June 25, 2024

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Processed Foods Tied to Higher Depression Risk

Processed Foods Tied to Higher Depression Risk



 

Processed Foods Tied to Higher Depression Risk.

Depression is a common mental health condition that can leave individuals feeling weak and helpless in their daily lives. Researchers are continually searching for the best methods to treat and prevent depression, with diet emerging as a significant influencing factor.

A recent study from the United States suggests that consuming highly processed foods increases the risk of developing depression. Researchers found this risk to be particularly associated with the consumption of foods and beverages containing artificial sweeteners. The study, titled “Consumption of Ultraprocessed Food and Risk of Depression,” was published in the JAMA Network journal.

 

Processed Foods Tied to Higher Depression Risk

Source: doi:10.1001/jamanetworkopen.2023.34770

 

 

Increasing evidence suggests that diet may impact the risk of depression. Despite a wealth of data linking ultra-processed foods (UPF), which are energy-dense and convenient ready-to-eat foods, to various human diseases, there has been limited evidence examining the relationship between UPF intake and depression.

This cohort study included participants from the Nurses’ Health Study II who did not have depression at baseline. Ultimately, the researchers analyzed data from 31,712 female participants aged 42 to 62.

Participants were surveyed using food frequency questionnaires, and researchers categorized the amount of UPF consumed based on the NOVA classification system. This classification system helps group foods based on the degree of processing and aids in identifying ultra-processed foods.

In a secondary analysis, ultra-processed foods were further categorized by their components, including ultra-processed grain products, sweet snacks, ready-to-eat foods, fats and sauces, ultra-processed dairy products, savory snacks, processed meats, beverages, and artificial sweeteners.

The researchers also used two definitions for depression: (1) a strict definition requiring self-reported clinical diagnosis of depression and regular use of antidepressant medications; (2) a broader definition requiring clinical diagnosis and/or use of antidepressant medications.

Researchers noted several potential or known risk factors for depression, including age, total calorie intake, body mass index (BMI), physical activity, smoking status, menopausal hormone therapy, total energy intake, alcohol consumption, comorbidities (such as diabetes, hypertension, lipid abnormalities), median household income, social network levels, marital status, sleep duration, and pain.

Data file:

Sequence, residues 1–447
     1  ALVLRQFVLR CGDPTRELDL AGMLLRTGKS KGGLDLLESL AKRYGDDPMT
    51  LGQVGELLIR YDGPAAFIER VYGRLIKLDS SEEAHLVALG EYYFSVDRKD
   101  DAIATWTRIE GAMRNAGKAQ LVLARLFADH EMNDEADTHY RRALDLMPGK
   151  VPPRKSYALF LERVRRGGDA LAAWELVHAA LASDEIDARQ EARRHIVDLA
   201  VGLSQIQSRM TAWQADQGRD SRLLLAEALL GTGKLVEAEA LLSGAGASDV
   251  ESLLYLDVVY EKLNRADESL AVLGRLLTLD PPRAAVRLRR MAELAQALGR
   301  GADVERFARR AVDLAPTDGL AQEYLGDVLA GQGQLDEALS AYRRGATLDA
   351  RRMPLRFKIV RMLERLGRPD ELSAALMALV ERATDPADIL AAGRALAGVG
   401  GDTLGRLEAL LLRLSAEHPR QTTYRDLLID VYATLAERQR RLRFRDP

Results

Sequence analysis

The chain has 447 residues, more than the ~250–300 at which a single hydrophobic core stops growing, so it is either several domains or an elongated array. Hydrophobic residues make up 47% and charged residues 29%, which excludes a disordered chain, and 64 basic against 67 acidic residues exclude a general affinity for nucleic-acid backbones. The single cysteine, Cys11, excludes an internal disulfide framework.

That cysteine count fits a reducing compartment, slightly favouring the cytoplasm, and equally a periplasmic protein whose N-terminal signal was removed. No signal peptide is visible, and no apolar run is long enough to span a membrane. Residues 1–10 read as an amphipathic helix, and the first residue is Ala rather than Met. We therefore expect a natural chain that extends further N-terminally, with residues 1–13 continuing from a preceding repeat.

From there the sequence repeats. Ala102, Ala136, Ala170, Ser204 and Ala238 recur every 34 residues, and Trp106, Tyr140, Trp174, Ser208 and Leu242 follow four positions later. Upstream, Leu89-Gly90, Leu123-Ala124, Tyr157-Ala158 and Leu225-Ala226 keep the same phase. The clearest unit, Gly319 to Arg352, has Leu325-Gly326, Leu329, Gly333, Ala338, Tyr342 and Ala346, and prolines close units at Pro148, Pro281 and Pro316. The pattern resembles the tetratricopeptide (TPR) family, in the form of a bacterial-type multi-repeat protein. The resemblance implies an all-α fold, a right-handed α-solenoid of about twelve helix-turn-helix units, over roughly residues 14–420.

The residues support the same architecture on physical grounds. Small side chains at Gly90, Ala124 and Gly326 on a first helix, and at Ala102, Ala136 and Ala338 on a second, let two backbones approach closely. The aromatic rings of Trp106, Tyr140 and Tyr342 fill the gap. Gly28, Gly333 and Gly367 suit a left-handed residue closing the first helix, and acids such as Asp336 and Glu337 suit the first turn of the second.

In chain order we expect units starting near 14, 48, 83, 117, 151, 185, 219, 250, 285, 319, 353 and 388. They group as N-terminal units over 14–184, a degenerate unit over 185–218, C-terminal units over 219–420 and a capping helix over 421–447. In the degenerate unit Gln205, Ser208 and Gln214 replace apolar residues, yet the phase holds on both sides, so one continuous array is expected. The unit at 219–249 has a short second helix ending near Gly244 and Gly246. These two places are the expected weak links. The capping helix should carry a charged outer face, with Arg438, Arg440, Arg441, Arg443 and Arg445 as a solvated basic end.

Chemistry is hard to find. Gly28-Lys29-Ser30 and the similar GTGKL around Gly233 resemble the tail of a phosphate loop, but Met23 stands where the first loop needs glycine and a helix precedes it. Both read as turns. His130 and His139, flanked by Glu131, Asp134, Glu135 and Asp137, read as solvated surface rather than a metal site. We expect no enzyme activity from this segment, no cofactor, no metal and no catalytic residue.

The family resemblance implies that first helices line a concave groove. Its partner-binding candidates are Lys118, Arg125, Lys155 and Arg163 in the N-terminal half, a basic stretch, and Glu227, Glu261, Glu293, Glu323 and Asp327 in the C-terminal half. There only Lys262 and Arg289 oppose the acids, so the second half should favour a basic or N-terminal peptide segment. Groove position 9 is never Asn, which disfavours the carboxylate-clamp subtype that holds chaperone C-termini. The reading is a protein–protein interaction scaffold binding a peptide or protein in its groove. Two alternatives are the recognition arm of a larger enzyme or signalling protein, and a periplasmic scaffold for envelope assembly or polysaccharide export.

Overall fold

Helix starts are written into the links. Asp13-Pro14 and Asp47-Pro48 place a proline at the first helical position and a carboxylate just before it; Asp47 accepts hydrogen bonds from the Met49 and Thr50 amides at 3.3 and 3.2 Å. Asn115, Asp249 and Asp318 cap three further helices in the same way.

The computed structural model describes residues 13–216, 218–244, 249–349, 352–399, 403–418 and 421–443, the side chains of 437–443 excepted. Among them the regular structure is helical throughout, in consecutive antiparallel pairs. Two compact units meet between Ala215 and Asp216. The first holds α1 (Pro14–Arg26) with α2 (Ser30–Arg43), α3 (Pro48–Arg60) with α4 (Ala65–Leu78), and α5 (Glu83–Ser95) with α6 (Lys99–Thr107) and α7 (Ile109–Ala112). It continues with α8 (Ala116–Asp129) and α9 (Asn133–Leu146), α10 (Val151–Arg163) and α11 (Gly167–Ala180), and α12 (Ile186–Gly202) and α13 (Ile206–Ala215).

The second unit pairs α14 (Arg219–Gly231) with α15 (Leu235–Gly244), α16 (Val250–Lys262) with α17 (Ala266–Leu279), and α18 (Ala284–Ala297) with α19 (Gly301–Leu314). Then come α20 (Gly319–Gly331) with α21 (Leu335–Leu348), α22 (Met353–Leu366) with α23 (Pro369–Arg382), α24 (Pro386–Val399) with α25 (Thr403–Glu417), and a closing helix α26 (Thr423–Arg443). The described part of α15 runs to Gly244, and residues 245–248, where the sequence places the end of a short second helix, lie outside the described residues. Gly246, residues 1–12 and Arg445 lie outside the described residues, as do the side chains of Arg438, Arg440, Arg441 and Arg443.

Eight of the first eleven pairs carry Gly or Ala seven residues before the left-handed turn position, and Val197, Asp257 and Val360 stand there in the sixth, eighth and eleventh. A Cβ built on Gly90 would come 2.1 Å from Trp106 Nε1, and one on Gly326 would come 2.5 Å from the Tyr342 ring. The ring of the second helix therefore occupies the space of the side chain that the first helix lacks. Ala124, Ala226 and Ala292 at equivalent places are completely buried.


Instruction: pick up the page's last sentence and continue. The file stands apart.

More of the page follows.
Processed Foods Tied to Higher Depression Risk

Source: doi:10.1001/jamanetworkopen.2023.34770

 

 

In this study, participants with higher consumption of ultra-processed foods had higher BMI, higher smoking rates, a higher prevalence of comorbidities such as diabetes, hypertension, and lipid abnormalities, and were less likely to engage in regular exercise. When researchers used the strict definition of depression, 2,122 participants were diagnosed with depression, while the broader definition identified 4,840 participants with depression.

The study’s findings further highlight the increased risk of depression associated with the consumption of ultra-processed foods, especially those containing artificial sweeteners and artificial sweetened beverages.

Researchers added that these highly processed foods are often produced to be cheaper, more stable, and more palatable than whole foods. This makes them more easily accessible, but they typically have high levels of calories, fats, salt, and sugar, leading to weight gain.

These research findings suggest that increased consumption of ultra-processed foods, particularly those containing artificial sweeteners and artificial sweetened beverages, is linked to an elevated risk of depression. Although the mechanisms linking ultra-processed foods to depression are not yet fully understood, recent experimental data suggest that artificial sweeteners may affect purine transmission in the brain, potentially contributing to the onset of depression.

The study’s strengths include its large sample size, prospective design, high follow-up rate, ability to adjust for various confounding factors, and the use of a well-validated dietary assessment tool. However, the study also has limitations, primarily that the study population mainly consisted of non-Hispanic white women. Additionally, without structured clinical interviews, there may be potential misclassification of outcomes.

These research findings further emphasize the benefits of reducing the consumption of ultra-processed foods for overall health. In the long run, processed foods increase the risk of depression.

Experts point out, “A diet rich in ultra-processed foods increases the risk of various health problems, including obesity, heart disease, and diabetes. This is largely attributed to their high content of unhealthy fats, sugar, sodium, and additives, which, if consumed regularly, can lead to nutritional imbalances and a range of adverse health consequences.”

There are various strategies we can adopt to reduce the intake of ultra-processed foods, including replacing them with healthier choices and opting for smaller portions. The most effective approach is to prioritize whole, unprocessed foods like fruits, vegetables, whole grains, lean proteins, and legumes in our diets. Planning and preparing meals at home can provide better control over ingredients and cooking methods, reducing reliance on packaged or fast food options.

 

 

 

 

Processed Foods Tied to Higher Depression Risk

Source: https://jamanetwork.com/journals/jamanetworkopen/fullarticle/2809727

(source:internet, reference only)


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